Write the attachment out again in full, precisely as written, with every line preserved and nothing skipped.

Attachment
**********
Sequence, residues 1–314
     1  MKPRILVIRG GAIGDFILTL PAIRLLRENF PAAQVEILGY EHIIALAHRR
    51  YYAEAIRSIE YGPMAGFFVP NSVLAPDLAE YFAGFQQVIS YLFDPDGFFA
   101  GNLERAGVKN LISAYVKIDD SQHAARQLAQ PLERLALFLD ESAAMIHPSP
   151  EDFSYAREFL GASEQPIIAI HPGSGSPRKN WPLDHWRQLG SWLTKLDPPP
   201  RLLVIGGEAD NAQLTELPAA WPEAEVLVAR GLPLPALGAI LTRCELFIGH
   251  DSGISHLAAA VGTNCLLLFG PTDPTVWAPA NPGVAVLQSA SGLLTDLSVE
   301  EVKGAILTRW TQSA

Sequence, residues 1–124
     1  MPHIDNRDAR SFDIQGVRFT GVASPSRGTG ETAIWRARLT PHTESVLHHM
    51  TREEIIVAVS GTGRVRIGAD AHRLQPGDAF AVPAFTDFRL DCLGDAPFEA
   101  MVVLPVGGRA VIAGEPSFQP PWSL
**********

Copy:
Sequence, residues 1–314
     1  MKPRILVIRG GAIGDFILTL PAIRLLRENF PAAQVEILGY EHIIALAHRR
    51  YYAEAIRSIE YGPMAGFFVP NSVLAPDLAE YFAGFQQVIS YLFDPDGFFA
   101  GNLERAGVKN LISAYVKIDD SQHAARQLAQ PLERLALFLD ESAAMIHPSP
   151  EDFSYAREFL GASEQPIIAI HPGSGSPRKN WPLDHWRQLG SWLTKLDPPP
   201  RLLVIGGEAD NAQLTELPAA WPEAEVLVAR GLPLPALGAI LTRCELFIGH
   251  DSGISHLAAA VGTNCLLLFG PTDPTVWAPA NPGVAVLQSA SGLLTDLSVE
   301  EVKGAILTRW TQSA

Sequence, residues 1–124
     1  MPHIDNRDAR SFDIQGVRFT GVASPSRGTG ETAIWRARLT PHTESVLHHM
    51  TREEIIVAVS GTGRVRIGAD AHRLQPGDAF AVPAFTDFRL DCLGDAPFEA
   101  MVVLPVGGRA VIAGEPSFQP PWSL